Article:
“You take a look at your board at each position and try to get a priority of which guys you feel are a certain skill level — first-round draft choice or second,” Shanahan said. “And you get a game plan, and if a certain player’s there at that time, you’re going to take him. If not, you try to go back, you try to go forward. A lot depends on how things fall into place. You never know. You have to be ready for a lot of different scenarios.
“What I’ve learned over the years is, you’ve got to be true to your board, and you’ve got to look at every player,” Shanahan added, also remarking that when the team is on the clock and it comes down to a player with only a slightly higher draft grade than a player at a position of need, Washington likely would draft for need.
After that 51st pick (21st selection of the second round), Washington has six picks in the five remaining rounds.
The Redskins retained 21 of 22 starters this offeseason — re-signing 12 players — but still have needs at several positions:
● Cornerback, where starters DeAngelo Hall and Josh Wilson return, but the third cornerback role remains undetermined.
●Safety, where strong safety Brandon Meriweather is coming off of a torn anterior cruciate ligament and would-be starting free safety Tanard Jackson is suspended indefinitely and isn’t eligible for reinstatement until Sept. 3.
● Right tackle, where Tyler Polumbus re-signed and is expected to compete with offseason additions Jeremy Trueblood and Tony Pashos, but none of them seem to be the long-term solution.
● The team also could possibly use additional speed and explosiveness in their wide receiver and running back units.
Shanahan believes starting-caliber players can be found in the top half of the draft, even without a first-round selection. He recalled how his Denver Broncos selected running back Clinton Portis 51st overall in 2002. Portis wound up starring for Denver and Washington, rushing for a total of 9,923 yards over nine seasons.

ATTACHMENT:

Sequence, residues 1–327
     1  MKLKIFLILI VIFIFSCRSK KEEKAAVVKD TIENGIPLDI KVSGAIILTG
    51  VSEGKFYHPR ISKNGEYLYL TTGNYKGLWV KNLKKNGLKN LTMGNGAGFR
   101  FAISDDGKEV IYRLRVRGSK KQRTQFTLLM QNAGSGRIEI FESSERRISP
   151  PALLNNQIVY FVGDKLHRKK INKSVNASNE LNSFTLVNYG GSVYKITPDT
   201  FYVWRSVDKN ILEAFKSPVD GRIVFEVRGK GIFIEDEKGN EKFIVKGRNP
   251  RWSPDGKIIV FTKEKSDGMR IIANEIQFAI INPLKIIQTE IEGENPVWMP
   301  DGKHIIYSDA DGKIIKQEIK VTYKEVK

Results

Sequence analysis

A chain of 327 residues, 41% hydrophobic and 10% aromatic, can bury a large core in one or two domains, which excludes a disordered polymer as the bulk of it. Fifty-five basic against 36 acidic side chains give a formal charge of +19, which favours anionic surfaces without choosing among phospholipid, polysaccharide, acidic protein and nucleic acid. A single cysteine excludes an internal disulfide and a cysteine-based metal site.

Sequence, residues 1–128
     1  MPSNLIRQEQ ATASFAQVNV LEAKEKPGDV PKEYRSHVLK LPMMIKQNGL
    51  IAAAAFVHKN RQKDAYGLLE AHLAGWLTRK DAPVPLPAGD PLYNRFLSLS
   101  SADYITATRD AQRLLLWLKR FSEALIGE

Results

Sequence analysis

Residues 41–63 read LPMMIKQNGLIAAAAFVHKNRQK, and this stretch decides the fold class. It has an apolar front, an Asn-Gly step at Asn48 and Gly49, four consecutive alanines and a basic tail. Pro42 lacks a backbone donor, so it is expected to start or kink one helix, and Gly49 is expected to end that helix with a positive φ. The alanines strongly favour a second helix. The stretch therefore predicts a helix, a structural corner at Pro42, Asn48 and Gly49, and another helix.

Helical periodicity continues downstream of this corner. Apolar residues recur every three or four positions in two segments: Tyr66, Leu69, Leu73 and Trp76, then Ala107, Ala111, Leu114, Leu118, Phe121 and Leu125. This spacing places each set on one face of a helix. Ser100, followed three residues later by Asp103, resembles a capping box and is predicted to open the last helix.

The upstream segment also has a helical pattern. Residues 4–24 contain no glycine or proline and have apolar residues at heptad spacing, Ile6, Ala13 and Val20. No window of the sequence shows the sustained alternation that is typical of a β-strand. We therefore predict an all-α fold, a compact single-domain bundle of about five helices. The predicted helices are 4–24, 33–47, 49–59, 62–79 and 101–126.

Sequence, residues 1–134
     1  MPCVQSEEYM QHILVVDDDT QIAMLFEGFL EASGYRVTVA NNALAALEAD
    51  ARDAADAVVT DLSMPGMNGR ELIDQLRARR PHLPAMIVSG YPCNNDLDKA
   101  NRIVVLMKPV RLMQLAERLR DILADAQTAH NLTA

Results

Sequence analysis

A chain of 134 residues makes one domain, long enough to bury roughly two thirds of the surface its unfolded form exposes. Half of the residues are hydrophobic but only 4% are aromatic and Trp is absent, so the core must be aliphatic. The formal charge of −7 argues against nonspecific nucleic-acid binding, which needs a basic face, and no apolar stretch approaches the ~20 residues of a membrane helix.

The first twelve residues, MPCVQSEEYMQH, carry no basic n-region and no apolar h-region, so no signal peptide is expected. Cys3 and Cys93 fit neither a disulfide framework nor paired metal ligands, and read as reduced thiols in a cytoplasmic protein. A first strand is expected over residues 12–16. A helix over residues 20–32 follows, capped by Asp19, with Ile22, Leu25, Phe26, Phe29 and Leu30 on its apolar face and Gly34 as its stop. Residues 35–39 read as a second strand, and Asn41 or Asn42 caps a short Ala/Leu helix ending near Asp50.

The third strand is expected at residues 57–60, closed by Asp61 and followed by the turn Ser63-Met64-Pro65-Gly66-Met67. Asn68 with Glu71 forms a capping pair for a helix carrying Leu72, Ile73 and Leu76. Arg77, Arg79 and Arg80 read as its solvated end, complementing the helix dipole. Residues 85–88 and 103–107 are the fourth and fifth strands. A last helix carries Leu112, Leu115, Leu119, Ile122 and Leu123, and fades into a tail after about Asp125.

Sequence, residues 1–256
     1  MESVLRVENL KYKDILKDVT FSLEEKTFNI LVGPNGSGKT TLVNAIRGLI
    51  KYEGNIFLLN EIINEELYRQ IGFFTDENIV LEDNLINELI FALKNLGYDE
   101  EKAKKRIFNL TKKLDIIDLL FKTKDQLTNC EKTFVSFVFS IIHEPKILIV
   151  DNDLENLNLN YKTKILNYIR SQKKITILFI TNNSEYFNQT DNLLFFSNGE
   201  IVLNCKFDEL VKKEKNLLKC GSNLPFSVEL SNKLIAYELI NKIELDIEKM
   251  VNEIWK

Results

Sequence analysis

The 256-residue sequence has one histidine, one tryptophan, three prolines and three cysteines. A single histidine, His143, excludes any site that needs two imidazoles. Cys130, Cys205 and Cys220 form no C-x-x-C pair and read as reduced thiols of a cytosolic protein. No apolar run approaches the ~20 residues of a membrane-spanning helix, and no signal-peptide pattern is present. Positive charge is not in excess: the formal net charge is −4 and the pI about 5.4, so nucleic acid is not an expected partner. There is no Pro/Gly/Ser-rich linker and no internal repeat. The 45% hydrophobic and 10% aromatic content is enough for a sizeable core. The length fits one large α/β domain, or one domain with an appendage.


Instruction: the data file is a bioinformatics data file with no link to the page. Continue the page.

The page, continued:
However, 51st overall is also the pick the pre-Shanahan Redskins used to select wide receiver Malcolm Kelly, who lasted only two seasons in the NFL.
The Redskins obviously hope to hit on all of their picks, discovering gems such as starting inside linebacker Perry Riley (fourth round, 2010) and running back Alfred Morris (sixth round, 2012) as they try to fortify a roster that went 10-6 and won the NFC East last season.
“There’s guys that make it second, third, fourth round and you say, ‘Fourth-round player, why wasn’t he a first-round player?’ Why wasn’t Alfred Morris a first-round player? He should’ve been based on his production. So, you back through your mind and look at all the scenarios and try to figure out why a guy does last to the sixth round and try to find those guys out there. Sometimes you’re lucky enough to find a guy like that, and other times you miss out. That’s why we look at a lot of film.”
Shanahan said it depends on talent and a player’s “football-related intelligence,” but that it’s definitely possible for a rookie cornerback or safety to come in and start this year if the team should select one.
Shanahan, meanwhile, said it would be “a long shot . . . like one-hundred million” that the team would trade into the first round.
Once the Redskins do complete their draft selections and any undrafted rookie signings, the team will have to create financial flexibility to fit them under the cap. Shanahan said the Redskins have “a game plan” for how they will sign their rookies despite having about only $30,000 in cap space.
Notes: Shanahan says Robert Griffin III is still doing well, working to strengthen not only his anterior cruciate ligament, but the muscles and ligaments around it. Shanahan said he tries not to get too excited about the progress he sees in Griffin because he doesn’t want the quarterback to risk a setback. “Do what you can with the muscles around the knee,” he said. “But don’t push too hard, because you don’t want a setback.” Shanahan said going forward, “What we’re going to make sure, is we’re never going to play Robert if he’s not 100 percent.” . . .
Shanahan said that running back Roy Helu Jr., who missed most of last season with a torn ligament in his toe, suffered a recent setback in his rehab, but that the team is hoping he will return to full health this offseason. . . .
Linebacker Brian Orakpo (torn pectoral muscle last season) is now 100 percent, and fellow linebacker Keenan Robinson (same injury) is expected to be back to full health some time during OTA season (in May or June). . . .
Tight end Fred Davis (ruptured left Achilles’ tendon) is nearing complete recovery, and Shanahan said the team should gain “a better idea” of his health during OTAs. Meanwhile, defensive end Adam Carriker (torn quad muscle) isn’t close to returning yet, and that the team will not know about his status until later this summer. . . .
Discussing the condition of FedEx Field, Shanahan said “any time you have a field like we had, we’re going to take care of it ourselves,” and that the team has upgraded its drainage system, and will re-sod the field at midseason if needed.